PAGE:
Unpredictability and the Fate of Health Care Reform
As Phil Lawler has so eloquently written, “The Kennedy dynasty has ended” (see his sparkling and finely-written In Depth Analysis piece, What happened in Massachusetts?). That’s a point which is culturally and politically significant enough, and yet there is a certain wonder about Scott Brown’s victory in Massachusetts that raises many other important points as well. The one I’d like to explore is the unpredictability of just about everything that really matters.
Let me say at the outset that if Brown’s victory means the end of constructive and creative efforts to improve health care for the poor, then I won’t be one of those who exults in that part of the outcome. There is great work to be done in health care, if we can find sensible people to do it. But I’ll be very happy if the current Federally-controlled, bureaucratically bloated, recklessly expensive and (above all) anti-life health care reform plan fails as a result of the end of the Kennedy dynasty. And if it fails, as it now seems likely to do, the point I want to make is that this wasn’t predictable.
Pro-lifers worked extraordinarily hard just to get abortion removed from the House version of the bill, but despite Herculean efforts they could not achieve the same success in the Senate. The entire battle (rightly but unfortunately) left little time and energy to focus on many of the other problems with what has come to be known as Obamacare. So here we all were, tuckered out, temporarily elated by the Stupak amendment, and thoroughly dispirited by Ben Nelson’s sellout, and never dreaming until the last minute that something might be brewing in Massachusetts that we couldn’t in our wildest dreams have foreseen.
This is a lesson in perseverance. We have to keep fighting for what is right, even if only through rear guard actions of harassment and delay, in the hope that something in the big picture will change that we can take advantage of to secure a victory. Put another way, we Christians must work and work and work against all the odds even while we pray that God will find a way—no, that He will rather choose—to beat the odds. In fact, it isn’t too much to say that our primary trust must be in God, and that part of that trust consists in doing our best to give God the human means He normally uses to bring salvation to the world.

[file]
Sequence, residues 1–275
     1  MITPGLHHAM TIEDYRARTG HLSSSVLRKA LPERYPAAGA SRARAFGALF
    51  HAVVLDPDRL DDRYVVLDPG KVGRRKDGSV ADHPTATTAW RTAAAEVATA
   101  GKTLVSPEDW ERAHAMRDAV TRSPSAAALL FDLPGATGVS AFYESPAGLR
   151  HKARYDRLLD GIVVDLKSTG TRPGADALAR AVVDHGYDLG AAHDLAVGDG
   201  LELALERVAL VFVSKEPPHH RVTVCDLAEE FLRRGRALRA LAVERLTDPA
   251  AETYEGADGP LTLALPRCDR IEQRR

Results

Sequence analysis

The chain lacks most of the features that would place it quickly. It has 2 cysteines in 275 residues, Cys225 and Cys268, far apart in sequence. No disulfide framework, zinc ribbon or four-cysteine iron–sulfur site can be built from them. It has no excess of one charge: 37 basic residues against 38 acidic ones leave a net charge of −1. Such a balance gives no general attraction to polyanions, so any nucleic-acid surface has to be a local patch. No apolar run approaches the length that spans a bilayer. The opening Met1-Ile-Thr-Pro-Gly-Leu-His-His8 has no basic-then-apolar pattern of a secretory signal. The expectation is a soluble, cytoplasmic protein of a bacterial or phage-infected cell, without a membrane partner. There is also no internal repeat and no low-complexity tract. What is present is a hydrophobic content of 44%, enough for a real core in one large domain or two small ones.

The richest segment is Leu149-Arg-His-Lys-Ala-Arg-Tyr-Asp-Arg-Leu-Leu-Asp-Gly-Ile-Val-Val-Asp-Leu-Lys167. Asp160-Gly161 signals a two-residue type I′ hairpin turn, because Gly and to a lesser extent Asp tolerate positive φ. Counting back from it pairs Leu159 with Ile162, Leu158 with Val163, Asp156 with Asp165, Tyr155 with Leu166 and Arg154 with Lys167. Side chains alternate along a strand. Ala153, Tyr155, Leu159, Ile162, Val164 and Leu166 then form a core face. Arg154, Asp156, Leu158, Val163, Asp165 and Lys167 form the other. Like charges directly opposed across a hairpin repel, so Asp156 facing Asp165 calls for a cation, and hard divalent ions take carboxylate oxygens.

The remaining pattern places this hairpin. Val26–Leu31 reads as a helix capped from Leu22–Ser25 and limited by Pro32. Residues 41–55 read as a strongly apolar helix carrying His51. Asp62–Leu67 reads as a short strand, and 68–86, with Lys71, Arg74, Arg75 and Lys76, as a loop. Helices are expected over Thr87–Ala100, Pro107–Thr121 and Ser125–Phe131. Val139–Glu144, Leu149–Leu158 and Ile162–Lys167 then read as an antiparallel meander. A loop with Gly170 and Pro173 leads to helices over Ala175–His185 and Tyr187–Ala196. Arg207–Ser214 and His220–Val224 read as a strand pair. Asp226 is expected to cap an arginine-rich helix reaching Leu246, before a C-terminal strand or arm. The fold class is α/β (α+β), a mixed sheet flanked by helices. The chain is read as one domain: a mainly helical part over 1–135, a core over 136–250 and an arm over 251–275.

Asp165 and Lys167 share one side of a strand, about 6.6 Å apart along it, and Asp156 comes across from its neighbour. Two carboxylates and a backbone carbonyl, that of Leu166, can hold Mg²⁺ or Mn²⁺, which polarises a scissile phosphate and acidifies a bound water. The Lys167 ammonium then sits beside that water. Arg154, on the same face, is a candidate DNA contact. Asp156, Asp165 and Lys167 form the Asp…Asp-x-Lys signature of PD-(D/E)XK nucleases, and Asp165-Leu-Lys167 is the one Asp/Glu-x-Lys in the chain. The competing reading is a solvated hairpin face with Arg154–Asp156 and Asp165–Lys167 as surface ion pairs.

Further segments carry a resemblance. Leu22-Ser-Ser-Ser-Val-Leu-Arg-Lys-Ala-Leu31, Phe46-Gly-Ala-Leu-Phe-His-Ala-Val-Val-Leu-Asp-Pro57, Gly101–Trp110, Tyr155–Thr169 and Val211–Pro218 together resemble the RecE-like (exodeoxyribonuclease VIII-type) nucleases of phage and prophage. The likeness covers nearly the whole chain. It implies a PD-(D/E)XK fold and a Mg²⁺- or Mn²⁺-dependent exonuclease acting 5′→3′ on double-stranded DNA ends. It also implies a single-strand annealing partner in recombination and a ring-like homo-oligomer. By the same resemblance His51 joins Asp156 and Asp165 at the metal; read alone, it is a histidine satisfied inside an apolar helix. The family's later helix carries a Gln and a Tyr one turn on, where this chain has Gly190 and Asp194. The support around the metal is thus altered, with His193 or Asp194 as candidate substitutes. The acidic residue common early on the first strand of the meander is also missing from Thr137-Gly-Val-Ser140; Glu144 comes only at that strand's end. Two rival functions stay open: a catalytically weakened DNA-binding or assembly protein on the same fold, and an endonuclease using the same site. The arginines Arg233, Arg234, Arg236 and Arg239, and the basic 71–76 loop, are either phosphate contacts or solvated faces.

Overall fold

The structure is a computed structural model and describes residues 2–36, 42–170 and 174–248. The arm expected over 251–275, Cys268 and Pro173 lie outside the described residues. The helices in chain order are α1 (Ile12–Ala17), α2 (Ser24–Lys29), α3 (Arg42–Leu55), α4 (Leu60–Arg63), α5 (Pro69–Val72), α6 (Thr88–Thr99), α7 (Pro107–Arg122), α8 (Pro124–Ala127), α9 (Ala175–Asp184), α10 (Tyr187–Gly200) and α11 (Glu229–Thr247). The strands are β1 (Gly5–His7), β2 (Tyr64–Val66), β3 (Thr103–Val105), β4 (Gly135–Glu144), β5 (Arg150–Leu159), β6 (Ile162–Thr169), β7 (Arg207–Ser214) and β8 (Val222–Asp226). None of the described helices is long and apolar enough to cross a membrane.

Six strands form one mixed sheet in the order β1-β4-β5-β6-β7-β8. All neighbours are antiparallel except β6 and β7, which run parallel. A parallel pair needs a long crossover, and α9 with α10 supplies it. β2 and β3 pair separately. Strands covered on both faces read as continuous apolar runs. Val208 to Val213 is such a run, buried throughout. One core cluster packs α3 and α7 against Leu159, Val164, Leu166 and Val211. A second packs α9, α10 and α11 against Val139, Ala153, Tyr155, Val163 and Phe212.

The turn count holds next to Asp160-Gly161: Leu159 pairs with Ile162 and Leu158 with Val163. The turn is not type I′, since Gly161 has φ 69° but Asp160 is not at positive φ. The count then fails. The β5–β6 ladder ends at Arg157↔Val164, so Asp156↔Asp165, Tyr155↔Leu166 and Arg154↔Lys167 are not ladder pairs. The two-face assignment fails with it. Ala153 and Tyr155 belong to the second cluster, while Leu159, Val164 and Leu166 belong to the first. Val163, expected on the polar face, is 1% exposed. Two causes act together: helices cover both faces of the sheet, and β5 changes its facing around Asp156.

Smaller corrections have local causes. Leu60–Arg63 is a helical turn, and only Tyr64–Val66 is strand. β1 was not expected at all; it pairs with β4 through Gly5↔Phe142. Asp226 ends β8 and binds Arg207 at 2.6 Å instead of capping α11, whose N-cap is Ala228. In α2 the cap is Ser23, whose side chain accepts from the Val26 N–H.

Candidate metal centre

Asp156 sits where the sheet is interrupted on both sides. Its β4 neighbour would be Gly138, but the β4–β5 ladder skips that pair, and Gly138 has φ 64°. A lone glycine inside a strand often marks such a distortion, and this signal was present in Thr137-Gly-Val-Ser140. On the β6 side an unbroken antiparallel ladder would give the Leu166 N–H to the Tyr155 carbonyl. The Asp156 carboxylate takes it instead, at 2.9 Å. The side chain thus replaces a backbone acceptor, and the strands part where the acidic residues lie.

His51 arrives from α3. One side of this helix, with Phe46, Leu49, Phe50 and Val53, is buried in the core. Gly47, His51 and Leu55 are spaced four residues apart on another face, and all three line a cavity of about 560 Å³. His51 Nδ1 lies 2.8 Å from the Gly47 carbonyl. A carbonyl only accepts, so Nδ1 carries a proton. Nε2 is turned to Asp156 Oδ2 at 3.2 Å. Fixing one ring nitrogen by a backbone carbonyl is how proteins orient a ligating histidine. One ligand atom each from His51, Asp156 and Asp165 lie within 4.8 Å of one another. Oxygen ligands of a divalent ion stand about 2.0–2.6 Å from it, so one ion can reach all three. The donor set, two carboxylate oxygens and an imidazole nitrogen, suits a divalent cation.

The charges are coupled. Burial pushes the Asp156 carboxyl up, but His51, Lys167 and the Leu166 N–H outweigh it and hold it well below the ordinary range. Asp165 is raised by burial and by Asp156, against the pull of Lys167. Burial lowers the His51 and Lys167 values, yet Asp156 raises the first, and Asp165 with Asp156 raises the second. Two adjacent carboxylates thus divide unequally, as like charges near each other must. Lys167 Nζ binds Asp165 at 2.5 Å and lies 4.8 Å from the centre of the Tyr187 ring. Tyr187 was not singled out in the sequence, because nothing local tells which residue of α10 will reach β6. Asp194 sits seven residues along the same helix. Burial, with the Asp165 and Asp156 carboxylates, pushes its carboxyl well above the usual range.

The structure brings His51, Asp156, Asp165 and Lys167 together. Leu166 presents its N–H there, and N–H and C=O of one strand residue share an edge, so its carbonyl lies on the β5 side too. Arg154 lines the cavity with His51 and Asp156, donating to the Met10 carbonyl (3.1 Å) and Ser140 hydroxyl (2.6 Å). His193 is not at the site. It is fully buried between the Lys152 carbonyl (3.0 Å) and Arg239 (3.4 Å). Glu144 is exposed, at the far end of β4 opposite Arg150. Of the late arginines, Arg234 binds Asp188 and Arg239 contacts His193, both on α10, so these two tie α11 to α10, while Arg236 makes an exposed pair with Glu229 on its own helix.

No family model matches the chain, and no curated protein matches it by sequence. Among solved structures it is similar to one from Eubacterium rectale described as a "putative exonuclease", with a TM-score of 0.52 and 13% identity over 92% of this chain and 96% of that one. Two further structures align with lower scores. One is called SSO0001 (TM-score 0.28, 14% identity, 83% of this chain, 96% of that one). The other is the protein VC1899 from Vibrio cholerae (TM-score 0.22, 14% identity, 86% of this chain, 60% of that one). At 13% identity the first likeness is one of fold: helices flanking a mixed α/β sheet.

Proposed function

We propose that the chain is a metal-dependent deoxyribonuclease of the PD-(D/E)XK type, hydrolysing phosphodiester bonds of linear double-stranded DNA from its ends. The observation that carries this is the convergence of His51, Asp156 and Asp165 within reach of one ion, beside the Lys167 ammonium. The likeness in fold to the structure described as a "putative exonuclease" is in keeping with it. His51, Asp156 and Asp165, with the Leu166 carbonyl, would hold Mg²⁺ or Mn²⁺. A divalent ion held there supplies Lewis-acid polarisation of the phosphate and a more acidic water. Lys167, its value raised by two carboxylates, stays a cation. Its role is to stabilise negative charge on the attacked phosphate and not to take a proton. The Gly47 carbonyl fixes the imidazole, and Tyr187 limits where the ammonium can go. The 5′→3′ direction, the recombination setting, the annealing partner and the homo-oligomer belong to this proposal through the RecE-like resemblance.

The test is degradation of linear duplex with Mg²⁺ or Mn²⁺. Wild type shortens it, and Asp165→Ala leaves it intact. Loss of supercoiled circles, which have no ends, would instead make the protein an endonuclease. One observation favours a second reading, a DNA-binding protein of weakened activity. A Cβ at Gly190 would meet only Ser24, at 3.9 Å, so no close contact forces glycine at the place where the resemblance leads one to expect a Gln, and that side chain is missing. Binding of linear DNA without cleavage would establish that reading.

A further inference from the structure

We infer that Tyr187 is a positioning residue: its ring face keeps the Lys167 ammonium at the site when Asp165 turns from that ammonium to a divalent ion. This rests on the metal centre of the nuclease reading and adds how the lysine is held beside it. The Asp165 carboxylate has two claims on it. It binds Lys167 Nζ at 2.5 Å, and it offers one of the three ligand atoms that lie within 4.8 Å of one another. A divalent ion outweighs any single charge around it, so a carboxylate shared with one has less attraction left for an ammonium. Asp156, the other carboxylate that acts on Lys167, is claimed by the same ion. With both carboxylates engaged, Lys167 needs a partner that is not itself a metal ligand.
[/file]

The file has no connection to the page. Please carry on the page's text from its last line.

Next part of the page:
We are like privates in the front line of a battle, preoccupied only with following God’s orders in the little part of the war that we see. But God is something like a great general who sees and understands the whole picture—and even that simile is far too weak, for God is God and there is no other. He can use anything—anything at all—for His purposes, to fulfill His own plan. It’s not just that we don’t know the half of it; we don’t even know nearly as much as one percent of it. But if we care, we can generally figure out our little part and play it reasonably well. And trust in God.
The future is always unpredictable, and that means I would be foolish to proclaim victory in this particular battle, this early 2010 battle to prevent the ascendancy of unhealthcare. But I will say that the unpredictability of human affairs ought to be a source of great hope. Our temporal future is not pre-determined by anybody. There will always be room for God to work.
An appeal from our founder, Dr. Jeffrey Mirus:
Dear reader: If you found the information on this page helpful in your pursuit of a better Catholic life, please support our work with a donation. Your donation will help us reach seven million Truth-seeking readers worldwide this year. Thank you!
Progress toward our March expenses ($28,792 to go):
All comments are moderated. To lighten our editing burden, only current donors are allowed to Sound Off. If you are a donor, log in to see the comment form; otherwise please support our work, and Sound Off!
Posted by: GabrielAustin9013 -
Jan. 23, 2010 1:24 PM ET USA
Why is it called "health care" reform? The discussions are all about money; all about payments. There is nothing in the bill about new hospitals or new clinics, about medical education.
Posted by: Steve214 -
Jan. 23, 2010 10:53 AM ET USA
Excellent points, but they also illustrate the possible problems with the original strategy: which seemed to envision that the bill would be fine if only we could get abortion stripped out. But when a pro-abortion government controls healthcare, there will be abortion--if not this year then next. Could we have had better success in opposing Government-controlled healthcare? I don't know: but that was the logical approach.
Posted by: tturner3998 -
Jan. 21, 2010 7:59 AM ET USA
Good thing it came to be called Obamacare. That was political genius.
Posted by: tturner3998 -
Jan. 21, 2010 7:56 AM ET USA
Great analysis. Now I feel like I understand what really happened. So how do pro-lifer voters regain influence with such otherwise OK candidates? I am wondering 'what if we organized a national pledge political movement/website not to vote for anybody who does not espouse pro-life positions'? It could be called 'singleissuenonvoter.com'. As it got a few hundred thousand registrants, candidates would perhaps get the message.